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The genome of stress tolerant crop wild relativePaspalum vaginatum leads to increased biomassproductivity in the crop Zea mays

By Guangchao Sun, Nishikant Wase, Shengqiang Shu, Jerry W Jenkins, Bangjun Zhou, Cindy Chen, Laura Sandor, Chris Plott, Yuko Yoshinga, Chris Daum, Peng Qi, Kerrie W. Barry, Anna Lipzen, Luke Berry, Thomas Gottilla, Ashley Foltz, Huihui Yu, Ronan C O'Malley, Chi Zhang, Katrien M. Devos, Brandi Sigmon, Bin Yu, Toshihiro Obata, Jeremy Schmutz, James C Schnable

Posted 19 Aug 2021
bioRxiv DOI: 10.1101/2021.08.18.456832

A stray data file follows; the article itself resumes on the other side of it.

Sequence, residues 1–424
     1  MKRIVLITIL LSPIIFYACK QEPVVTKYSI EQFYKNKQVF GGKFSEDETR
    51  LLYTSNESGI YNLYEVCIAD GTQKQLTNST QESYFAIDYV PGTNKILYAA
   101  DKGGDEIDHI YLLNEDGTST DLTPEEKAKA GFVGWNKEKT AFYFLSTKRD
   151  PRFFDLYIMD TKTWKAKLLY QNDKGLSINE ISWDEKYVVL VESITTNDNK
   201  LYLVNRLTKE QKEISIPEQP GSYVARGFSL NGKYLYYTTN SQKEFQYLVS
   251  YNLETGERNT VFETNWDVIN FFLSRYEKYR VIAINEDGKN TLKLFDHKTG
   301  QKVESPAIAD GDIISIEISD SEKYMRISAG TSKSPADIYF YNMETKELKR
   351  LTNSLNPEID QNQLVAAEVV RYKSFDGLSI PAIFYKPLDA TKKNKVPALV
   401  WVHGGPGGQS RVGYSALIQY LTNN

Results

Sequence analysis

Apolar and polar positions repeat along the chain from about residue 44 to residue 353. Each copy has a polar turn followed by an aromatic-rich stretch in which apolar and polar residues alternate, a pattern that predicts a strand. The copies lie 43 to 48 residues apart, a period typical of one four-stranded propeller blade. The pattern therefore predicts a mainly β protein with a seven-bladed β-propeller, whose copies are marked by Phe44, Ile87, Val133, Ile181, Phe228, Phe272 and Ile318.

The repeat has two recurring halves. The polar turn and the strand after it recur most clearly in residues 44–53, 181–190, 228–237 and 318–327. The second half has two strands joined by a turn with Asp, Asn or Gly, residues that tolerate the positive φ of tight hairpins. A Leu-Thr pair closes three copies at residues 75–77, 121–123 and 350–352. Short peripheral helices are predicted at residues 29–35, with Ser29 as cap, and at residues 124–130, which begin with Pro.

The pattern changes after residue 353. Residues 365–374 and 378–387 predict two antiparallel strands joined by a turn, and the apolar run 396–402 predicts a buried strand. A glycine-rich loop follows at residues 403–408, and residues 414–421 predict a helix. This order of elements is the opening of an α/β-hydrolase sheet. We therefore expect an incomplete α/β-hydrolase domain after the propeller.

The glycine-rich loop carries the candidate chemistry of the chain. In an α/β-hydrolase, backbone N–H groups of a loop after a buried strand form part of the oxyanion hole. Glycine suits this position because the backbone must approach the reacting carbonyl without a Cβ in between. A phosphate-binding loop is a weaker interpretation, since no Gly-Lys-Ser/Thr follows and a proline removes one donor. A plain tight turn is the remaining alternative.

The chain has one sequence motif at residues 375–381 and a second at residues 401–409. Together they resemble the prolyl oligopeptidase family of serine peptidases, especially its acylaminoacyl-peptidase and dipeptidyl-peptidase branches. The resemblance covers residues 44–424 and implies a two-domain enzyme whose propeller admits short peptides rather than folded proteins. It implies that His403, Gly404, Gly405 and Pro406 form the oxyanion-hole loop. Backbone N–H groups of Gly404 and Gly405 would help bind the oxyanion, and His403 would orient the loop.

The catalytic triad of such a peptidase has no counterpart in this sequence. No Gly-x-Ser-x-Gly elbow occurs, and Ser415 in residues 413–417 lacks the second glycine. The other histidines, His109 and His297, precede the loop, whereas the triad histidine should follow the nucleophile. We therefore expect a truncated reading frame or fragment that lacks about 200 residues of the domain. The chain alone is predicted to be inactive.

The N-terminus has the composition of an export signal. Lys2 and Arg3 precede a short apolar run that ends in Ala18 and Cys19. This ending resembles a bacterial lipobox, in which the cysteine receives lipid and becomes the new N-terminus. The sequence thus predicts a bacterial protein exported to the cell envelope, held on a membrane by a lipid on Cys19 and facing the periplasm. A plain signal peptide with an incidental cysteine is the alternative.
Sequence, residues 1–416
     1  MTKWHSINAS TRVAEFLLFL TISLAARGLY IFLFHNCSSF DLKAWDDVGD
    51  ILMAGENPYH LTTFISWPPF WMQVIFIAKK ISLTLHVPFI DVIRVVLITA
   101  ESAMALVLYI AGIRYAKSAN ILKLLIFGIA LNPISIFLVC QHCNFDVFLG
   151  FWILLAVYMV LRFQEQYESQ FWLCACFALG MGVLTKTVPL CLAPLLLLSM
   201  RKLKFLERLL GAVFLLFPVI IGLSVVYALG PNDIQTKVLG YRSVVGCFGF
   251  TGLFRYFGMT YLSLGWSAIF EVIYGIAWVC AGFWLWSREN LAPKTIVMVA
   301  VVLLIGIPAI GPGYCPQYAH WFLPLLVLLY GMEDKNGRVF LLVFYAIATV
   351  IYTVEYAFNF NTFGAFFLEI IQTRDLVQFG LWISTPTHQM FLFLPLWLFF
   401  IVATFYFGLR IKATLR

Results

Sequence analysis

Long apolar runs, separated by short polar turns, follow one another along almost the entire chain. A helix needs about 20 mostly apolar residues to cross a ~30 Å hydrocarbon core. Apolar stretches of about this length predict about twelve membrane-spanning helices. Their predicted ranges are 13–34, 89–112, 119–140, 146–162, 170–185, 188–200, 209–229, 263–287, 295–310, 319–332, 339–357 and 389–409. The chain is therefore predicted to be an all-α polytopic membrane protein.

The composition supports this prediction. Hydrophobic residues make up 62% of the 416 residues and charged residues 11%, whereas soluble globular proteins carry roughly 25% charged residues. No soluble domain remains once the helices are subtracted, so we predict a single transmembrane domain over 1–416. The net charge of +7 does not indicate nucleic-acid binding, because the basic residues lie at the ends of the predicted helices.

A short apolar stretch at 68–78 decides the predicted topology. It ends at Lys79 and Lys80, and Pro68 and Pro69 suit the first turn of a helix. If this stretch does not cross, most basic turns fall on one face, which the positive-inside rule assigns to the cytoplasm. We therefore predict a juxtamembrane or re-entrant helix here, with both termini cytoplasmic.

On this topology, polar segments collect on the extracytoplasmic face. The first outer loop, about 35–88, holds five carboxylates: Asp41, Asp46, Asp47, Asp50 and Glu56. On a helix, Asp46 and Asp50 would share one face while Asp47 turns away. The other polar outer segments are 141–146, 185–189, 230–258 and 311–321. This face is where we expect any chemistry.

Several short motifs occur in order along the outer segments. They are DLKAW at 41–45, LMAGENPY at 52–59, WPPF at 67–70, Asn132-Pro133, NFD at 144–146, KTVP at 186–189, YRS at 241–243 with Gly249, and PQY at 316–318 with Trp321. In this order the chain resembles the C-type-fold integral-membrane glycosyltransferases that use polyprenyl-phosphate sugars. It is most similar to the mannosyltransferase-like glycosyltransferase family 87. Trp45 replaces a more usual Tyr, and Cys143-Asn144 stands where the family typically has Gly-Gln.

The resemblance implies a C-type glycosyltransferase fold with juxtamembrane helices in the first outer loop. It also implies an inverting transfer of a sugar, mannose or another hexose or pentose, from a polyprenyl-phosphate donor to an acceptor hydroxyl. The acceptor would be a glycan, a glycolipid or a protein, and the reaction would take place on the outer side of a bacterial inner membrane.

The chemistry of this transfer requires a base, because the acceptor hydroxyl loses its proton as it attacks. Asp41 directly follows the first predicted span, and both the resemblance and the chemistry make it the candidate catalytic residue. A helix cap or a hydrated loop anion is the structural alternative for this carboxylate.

A number of crop wild relatives can tolerate extreme stressed to a degree outside the range observed in their domesticated relatives. However, it is unclear whether or how the molecular mechanisms employed by these species can be translated to domesticated crops. Paspalum (Paspalum vaginatum) is a self-incompatible and multiply stress-tolerant wild relative of maize and sorghum. Here we describe the sequencing and pseudomolecule level assembly of a vegetatively propagated accession of P. vaginatum. Phylogenetic analysis based on 6,151 single-copy syntenic orthologous conserved in 6 related grass species placed paspalum as an outgroup of the maize-sorghum clade demonstrating paspalum as their closest sequenced wild relative. In parallel metabolic experiments, paspalum, but neither maize nor sorghum, exhibited significant increases in trehalose when grown under nutrient-deficit conditions. Inducing trehalose accumulation in maize, imitating the metabolic phenotype of paspalum, resulting in autophagy dependent increases in biomass accumulation.

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